Divers re­cover data recorder from In­done­sian sea floor

The Myanmar Times - Weekend - - International Business -

DIVERS on Thurs­day re­cov­ered a flight data recorder from the crashed Lion Air jet on the sea floor, a cru­cial de­vel­op­ment in the in­ves­ti­ga­tion into what caused the 2-month-old plane to plunge into In­done­sian seas ear­lier this week, killing all 189 peo­ple on board.

One TV sta­tion showed footage of two divers af­ter they sur­faced, swim­ming to an in­flat­able ves­sel and plac­ing the bright or­ange de­vice into a large con­tainer that was trans­ferred to a search-and-res­cue ship.

“I was des­per­ate be­cause the cur­rent be­low was strong but I am con­fi­dent of the tools given to me,” said navy 1st Sgt. Hen­dra, who uses a sin­gle name, in a tele­vi­sion in­ter­view. Af­ter nar­row­ing the pos­si­ble lo­ca­tion, “I started dig­ging and clean­ing the de­bris un­til I fi­nally found an or­ange ob­ject,” he said, stand­ing on the deck of a ship next to his div­ing mate.

The Boe­ing 737 MAX 8 plane crashed early Mon­day just min­utes af­ter take­off from the In­done­sian cap­i­tal Jakarta. It was the worst air­line dis­as­ter in In­done­sia in more than two decades and re­newed con­cerns about safety in its fast-grow­ing avi­a­tion in­dus­try, which was re­cently re­moved from Euro­pean Union and US black­lists.

Navy Col. Mo­nang Sit­o­m­pul told lo­cal TV an ob­ject be­lieved to be the air­craft’s fuse­lage was also seen on the sea floor.

The de­vice re­cov­ered by divers is the flight data recorder, and the search for the cock­pit voice recorder con­tin­ues, said Bam­bang Irawan, an in­ves­ti­ga­tor with the Na­tional Trans­port Safety Com­mis­sion.

“We will process the data con­tained in this FDR as part of the in­ves­ti­ga­tion process to find out the cause of the crash,” he said. “We can­not say how long it takes to process data in a black box, but of course we will try as soon as pos­si­ble.”

The lo­ca­tion of the find was about 500 me­tres north­west of the co­or­di­nates where the plane lost con­tact and at a depth of 30m, said search and res­cue agency head Muham­mad Syaugi.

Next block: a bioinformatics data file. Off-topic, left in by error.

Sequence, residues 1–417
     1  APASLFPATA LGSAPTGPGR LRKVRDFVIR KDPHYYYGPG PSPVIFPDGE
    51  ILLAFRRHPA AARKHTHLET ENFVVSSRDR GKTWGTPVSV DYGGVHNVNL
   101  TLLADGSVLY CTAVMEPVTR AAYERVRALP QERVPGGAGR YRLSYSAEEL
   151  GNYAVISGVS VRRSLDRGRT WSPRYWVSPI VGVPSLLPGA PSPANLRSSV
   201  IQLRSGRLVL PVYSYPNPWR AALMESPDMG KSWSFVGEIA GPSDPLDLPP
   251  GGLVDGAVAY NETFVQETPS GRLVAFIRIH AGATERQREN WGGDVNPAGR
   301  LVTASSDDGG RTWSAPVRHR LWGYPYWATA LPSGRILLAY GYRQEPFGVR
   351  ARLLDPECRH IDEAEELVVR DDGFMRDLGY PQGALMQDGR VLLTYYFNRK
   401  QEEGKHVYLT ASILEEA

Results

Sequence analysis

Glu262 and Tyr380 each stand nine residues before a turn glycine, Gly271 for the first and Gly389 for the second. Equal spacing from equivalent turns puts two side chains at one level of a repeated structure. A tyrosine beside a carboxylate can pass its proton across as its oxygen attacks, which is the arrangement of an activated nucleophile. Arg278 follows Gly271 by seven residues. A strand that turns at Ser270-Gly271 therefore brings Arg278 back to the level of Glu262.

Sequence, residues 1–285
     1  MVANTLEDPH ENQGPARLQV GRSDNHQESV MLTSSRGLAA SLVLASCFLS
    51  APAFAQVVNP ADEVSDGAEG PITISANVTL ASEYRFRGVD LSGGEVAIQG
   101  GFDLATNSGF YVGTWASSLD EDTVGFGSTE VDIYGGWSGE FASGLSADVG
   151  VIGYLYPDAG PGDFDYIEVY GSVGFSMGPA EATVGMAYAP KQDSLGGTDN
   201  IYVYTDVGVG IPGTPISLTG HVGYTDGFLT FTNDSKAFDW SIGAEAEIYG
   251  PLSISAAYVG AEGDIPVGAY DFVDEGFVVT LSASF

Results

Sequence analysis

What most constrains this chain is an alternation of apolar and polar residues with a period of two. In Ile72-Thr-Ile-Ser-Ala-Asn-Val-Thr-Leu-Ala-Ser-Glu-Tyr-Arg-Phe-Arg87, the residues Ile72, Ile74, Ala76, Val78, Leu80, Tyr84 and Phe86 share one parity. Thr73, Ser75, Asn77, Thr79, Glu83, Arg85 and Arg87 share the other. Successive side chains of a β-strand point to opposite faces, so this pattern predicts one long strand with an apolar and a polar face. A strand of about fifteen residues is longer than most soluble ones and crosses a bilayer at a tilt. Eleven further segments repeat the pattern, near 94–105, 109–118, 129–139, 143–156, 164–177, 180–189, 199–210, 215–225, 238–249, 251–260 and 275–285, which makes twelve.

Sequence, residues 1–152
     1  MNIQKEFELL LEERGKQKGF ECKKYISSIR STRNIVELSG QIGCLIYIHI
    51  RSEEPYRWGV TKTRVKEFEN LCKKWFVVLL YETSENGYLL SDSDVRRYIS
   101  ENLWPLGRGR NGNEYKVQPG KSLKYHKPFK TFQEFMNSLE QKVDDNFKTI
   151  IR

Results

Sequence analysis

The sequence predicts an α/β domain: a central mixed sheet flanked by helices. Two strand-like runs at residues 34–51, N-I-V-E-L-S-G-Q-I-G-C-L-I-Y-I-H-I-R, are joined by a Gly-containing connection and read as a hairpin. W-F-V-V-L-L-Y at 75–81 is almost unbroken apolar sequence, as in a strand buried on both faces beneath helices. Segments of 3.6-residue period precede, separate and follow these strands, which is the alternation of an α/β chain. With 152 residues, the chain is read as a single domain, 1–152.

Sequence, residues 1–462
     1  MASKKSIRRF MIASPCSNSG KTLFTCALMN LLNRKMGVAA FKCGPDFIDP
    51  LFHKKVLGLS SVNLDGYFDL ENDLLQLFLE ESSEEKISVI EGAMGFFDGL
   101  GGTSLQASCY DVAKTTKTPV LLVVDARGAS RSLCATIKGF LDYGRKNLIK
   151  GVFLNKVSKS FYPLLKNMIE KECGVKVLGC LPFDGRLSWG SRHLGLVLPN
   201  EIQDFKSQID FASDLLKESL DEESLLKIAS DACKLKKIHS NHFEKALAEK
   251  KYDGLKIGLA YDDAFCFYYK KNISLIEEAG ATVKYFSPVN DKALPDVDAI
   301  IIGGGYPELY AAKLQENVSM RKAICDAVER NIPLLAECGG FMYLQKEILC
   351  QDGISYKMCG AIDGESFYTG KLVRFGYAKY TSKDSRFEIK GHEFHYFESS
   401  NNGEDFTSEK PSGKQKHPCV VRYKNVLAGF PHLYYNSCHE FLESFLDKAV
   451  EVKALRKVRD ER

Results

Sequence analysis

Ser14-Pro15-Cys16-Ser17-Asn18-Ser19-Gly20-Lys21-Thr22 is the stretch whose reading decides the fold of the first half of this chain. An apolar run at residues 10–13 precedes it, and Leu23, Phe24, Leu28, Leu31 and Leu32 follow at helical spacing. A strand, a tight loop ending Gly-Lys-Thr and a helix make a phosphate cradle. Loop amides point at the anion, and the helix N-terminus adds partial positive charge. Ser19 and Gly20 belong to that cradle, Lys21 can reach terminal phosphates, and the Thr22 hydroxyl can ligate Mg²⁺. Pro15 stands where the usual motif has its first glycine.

“The cur­rents be­low the sea are still strong, which makes it dif­fi­cult for divers, but they per­sis­tently face it,” he said.

Data from flight-track­ing sites show the plane had er­ratic speed and al­ti­tude in the early min­utes of a flight on Sun­day and on its fa­tal flight Mon­day. Safety ex­perts cau­tion, how­ever, that the data must be checked for ac­cu­racy against the flight data recorder.

Sev­eral pas­sen­gers on the Sun­day flight from Bali to Jakarta have re­counted prob­lems that in­cluded a long-de­layed take­off for an engine check and ter­ri­fy­ing de­scents in the first 10 min­utes in the air.

Lion Air has or­dered 50 of the MAX 8 planes and one of its sub­sidiary air­lines was last year the first to op­er­ate the new gen­er­a­tion jet.

In­ves­ti­ga­tors say a pre­lim­i­nary re­port into the ac­ci­dent could be re­leased within a month but com­plete find­ings will take sev­eral months more.

The Lion Air crash is the worst air­line dis­as­ter in In­done­sia since 1997, when 234 peo­ple died on a Garuda flight near Medan. In De­cem­ber 2014, an Airasia flight from Surabaya to Sin­ga­pore plunged into the sea, killing all 162 on board.

In­done­sian air­lines were barred in 2007 from fly­ing to Europe be­cause of safety con­cerns, though sev­eral were al­lowed to re­sume ser­vices in the fol­low­ing decade. The ban was com­pletely lifted in June. The US lifted a decade-long ban in 2016. – AP

Search and res­cue agency head Muham­mad Syaugi, cen­tre, holds the flight data recorder from the crashed Lion Air jet dur­ing a press con­fer­ence on­board a res­cue ship an­chored off Tan­jung Karawang, In­done­sia, on Thurs­day. Photo: AP

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